The hidden philosophy of insecurity is hating any movie that doesn’t have your name on it. I’ve seen some guys verbally trash a video and then months later, they’re stealing the very techniques from the video they trashed. Plagiarism is rampant with insecure filmmakers. The posture of a jealous filmmaker folds his arms, rather than opening them to lend a hand. “Credits are everything, praise is everything, I am everything.” This is the “me-monster” syndrome. I’m sure you’ve seen or smelled this syndrome at some point. See Brian Regan’s genius bit about me-monsters: http://www.youtube.com/watch?v=NiUsfEkVRDY
“Pride gets no pleasure out of having something, only out of having more of it than the next man.” – C.S. Lewis (Mere Christianity, p. 163). Filmmakers are so quick to find the fault in others (myself included) instead of finding the good, like our mothers taught us. Obviously, filmmaking isn’t a place for people who don’t like getting their feelings hurt, those need to be left at the door. Grow some thick skin and wear a cup. There’s not a problem with criticism on someone’s project but there is a problem if the heart’s intent is to destroy. It’s a lot easier to hate than help. Be harder on yourself than other people. Don’t just take shots at people just because you have ammo. Side note; credibility is everything. If you try and give non-constructive criticism on anything, make sure your resume’ isn’t naked. Before telling someone their movie sucks, make sure your work doesn’t amount to a pile of cinematic dog crap.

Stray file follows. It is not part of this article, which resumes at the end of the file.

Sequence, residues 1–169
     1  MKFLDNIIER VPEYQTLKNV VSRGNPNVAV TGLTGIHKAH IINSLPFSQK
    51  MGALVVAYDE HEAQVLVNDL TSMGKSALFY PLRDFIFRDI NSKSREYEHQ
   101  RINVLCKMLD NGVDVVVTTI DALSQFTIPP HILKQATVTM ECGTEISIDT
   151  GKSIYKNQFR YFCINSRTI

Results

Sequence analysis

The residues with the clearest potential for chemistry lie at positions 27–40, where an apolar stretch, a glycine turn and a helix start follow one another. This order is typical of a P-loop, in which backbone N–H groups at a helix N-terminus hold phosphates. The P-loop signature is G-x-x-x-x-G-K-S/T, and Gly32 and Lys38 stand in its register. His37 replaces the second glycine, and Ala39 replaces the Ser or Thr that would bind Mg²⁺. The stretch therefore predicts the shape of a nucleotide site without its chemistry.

If you’ve ever watched a leech, you know that they suck.. I don’t know anyone who claims a leech as their favorite animal but we can all take life lessons from leeches. Don’t try to suck the life out of people, straws are for milkshakes, not for careers. “Keep your heart with all diligence, for out of it spring the issues of life. Put away from you a deceitful mouth, And put perverse lips far from you.” – Proverbs 4:23-24.
ACT II.V – YOUR TIME WILL COME.